280 Steps

As I mentioned in my last post, 280 Steps was one of the first small presses of crime fiction I came across. I like their books. I guess now I should say that I liked their books as they are closing up shop. Of the 59 reviews I have written over the past year, nine of them were published by 280 Steps. The only publisher that I have reviewed more books from is All Due Respect Books. Yeah, you could say I have a crime fiction type.

The first thing that strikes anyone with 280 Steps is the covers. They were bold with hard-edges that bring back the spirit of Saul Bass’ movie posters such as Vertigo and Anatomy of a Murder. These 50s/60s designs hint at noir, outlaws, and femme fatales. Digging through the internet I found two graphic designers (there are probably more) that worked on 280 Steps covers, Risa Rodill and Eder Rengifo. Rengifo designed my favorite cover for Andrew Nette’s Gunshine State.

After getting past the striking artwork, the reader is left with only the words and 280 Steps had all the words, all the fantastic words. I read Jake Hinkson’s Hell on Church Street when it was in between publishers. Hinkson was my introduction to 280 Steps and then 280 Steps introduced me to Eric Beetner, Andrew Nette, and others. And these authors introduced me to works by Angel Luis Colón, Marietta Miles, Rob Pierce, Paul D. Brazil, Paul Heatley, Iain Ryan and more. There was talent everywhere! I was not going to be held hostage to the mystery novels of the big publishers.

As a reader, my immediate reaction when I heard 280 Steps was disappearing was a sadness that this friend would no longer be recommending me books. But as the day wore on, I realized that some of my favorite authors were losing a part of their voice, their books were disappearing.  I hope all find a home for their books soon. Given the ending of 280 Steps and Blasted Heathens closing their doors recently, I hope a new crime fiction publisher will emerge soon.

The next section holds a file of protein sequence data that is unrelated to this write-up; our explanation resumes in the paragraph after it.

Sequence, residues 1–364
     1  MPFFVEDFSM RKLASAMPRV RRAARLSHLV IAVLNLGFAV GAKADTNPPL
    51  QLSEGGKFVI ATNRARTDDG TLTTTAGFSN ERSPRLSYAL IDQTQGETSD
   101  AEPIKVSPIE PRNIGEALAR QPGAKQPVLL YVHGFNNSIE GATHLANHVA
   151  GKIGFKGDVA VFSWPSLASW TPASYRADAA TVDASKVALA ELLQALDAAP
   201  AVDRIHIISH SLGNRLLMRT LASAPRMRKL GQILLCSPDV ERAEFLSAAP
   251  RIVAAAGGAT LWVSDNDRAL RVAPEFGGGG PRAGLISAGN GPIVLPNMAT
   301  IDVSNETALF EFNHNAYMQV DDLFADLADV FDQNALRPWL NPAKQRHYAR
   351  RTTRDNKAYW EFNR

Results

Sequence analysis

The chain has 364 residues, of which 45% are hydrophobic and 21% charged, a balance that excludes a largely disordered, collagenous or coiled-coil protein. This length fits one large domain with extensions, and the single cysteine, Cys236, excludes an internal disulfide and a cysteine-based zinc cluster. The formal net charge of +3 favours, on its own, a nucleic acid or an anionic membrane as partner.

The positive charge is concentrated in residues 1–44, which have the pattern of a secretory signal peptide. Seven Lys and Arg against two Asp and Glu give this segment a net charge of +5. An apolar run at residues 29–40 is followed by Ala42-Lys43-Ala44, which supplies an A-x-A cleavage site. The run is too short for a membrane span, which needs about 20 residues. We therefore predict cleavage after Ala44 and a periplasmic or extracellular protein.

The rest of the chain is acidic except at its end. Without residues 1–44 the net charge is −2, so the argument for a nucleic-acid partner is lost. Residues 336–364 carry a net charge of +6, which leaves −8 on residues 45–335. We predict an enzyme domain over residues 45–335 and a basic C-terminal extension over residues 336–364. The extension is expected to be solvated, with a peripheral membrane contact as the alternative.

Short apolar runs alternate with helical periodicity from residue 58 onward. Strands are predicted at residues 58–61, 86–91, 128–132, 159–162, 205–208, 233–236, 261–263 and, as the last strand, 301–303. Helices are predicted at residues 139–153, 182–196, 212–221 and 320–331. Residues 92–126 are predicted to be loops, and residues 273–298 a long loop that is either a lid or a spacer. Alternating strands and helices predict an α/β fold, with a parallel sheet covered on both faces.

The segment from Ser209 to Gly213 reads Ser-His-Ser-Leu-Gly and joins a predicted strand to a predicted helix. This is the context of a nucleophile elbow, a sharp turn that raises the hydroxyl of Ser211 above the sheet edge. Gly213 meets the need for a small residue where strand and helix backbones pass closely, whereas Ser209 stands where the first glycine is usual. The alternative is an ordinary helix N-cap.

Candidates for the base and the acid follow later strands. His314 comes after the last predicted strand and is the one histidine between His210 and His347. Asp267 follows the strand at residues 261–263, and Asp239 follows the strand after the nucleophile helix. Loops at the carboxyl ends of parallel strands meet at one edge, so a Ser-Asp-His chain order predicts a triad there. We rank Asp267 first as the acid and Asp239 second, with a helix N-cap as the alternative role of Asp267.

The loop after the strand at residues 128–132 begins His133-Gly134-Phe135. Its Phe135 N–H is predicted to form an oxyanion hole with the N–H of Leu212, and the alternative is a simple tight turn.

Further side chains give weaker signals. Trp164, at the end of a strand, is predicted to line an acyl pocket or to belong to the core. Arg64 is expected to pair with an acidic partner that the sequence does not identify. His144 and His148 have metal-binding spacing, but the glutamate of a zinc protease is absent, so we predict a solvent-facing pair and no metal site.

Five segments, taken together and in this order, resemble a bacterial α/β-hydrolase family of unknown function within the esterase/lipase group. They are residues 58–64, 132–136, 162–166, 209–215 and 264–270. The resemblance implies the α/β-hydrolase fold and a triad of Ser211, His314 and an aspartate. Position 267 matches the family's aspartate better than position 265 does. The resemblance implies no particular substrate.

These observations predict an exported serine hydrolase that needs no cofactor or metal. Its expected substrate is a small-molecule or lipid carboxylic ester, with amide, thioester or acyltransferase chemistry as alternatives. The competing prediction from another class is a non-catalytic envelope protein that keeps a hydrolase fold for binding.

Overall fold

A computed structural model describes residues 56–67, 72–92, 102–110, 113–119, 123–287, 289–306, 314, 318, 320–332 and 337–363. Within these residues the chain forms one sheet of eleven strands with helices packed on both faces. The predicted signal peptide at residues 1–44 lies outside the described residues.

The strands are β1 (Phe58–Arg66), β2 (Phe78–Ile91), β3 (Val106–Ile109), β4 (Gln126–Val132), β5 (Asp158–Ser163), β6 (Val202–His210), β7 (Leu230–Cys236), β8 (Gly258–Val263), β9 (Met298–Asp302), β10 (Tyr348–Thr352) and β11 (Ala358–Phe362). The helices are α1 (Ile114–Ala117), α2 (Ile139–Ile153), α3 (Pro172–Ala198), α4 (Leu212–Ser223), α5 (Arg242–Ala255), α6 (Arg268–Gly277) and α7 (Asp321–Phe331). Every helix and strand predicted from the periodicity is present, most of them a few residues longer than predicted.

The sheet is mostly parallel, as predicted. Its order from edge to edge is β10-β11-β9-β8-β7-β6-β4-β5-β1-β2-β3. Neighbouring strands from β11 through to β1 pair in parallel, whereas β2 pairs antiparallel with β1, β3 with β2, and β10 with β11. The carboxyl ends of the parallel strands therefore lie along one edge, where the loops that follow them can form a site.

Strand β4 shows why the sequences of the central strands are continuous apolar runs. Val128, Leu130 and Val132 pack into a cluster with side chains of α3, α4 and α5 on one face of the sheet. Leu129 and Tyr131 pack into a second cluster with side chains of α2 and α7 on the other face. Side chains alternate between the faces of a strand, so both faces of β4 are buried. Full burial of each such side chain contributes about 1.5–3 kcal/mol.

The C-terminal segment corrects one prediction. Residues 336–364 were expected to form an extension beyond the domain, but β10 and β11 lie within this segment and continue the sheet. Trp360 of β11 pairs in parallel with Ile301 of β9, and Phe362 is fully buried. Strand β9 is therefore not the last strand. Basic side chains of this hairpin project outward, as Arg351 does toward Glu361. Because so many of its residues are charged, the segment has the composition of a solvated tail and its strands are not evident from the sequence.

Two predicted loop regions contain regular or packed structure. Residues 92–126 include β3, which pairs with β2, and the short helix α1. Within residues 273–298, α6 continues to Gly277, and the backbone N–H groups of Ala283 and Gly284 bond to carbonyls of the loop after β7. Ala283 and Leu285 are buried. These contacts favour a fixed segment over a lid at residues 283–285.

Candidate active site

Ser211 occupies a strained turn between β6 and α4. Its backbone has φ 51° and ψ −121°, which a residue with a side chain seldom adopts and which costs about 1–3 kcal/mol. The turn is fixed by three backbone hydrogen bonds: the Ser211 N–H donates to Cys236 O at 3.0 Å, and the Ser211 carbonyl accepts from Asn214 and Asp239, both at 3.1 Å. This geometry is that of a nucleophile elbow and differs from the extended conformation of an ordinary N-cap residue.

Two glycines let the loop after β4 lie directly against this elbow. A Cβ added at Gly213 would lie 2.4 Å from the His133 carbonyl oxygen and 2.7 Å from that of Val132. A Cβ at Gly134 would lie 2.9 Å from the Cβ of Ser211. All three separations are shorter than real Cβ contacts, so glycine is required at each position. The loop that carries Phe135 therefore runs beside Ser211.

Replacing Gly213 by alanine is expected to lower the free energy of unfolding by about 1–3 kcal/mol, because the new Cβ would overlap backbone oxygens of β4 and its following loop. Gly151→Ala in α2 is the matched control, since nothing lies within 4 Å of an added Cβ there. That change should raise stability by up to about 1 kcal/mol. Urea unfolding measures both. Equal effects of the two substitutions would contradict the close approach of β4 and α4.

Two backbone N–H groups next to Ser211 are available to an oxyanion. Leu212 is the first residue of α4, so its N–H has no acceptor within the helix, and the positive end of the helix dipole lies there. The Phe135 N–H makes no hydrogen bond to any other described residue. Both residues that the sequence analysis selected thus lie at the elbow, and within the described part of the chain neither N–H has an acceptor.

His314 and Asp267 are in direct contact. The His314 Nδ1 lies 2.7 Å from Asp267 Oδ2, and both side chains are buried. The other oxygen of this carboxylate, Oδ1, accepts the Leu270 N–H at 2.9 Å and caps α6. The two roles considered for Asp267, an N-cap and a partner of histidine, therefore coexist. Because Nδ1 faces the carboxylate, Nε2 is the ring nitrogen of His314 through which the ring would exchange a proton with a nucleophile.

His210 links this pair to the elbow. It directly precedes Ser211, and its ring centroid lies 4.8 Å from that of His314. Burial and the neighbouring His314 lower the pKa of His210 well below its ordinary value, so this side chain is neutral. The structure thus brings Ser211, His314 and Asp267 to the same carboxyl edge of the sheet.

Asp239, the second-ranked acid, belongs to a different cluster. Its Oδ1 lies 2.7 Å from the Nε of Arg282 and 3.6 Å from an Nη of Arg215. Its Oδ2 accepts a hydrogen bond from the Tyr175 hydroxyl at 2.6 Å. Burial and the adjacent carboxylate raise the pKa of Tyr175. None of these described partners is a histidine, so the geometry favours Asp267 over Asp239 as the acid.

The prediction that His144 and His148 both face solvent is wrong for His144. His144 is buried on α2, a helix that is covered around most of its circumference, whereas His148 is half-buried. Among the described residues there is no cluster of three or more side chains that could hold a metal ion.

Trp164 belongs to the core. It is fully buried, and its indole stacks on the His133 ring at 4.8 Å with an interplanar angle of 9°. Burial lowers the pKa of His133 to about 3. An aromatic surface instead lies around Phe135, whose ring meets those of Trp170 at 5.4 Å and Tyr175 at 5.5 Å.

I will still go through the unread 280 Steps books on my Kindle.  I was planning on reading Eric Beetner’s Devil series in preparation for the third and final volume to be released this Spring. I think I will read these anyway as Beetner’s prose is crisp and quick and he tells a damn good story. There are other 280 Steps authors that come to mind I have to get to like Ro Cuzon, Eryk Pruitt, and Christopher Irvin.

280 Steps was an important independent voice in crime fiction, but I will remember 280 Steps my gateway to some wonderful crime fiction voices.

 

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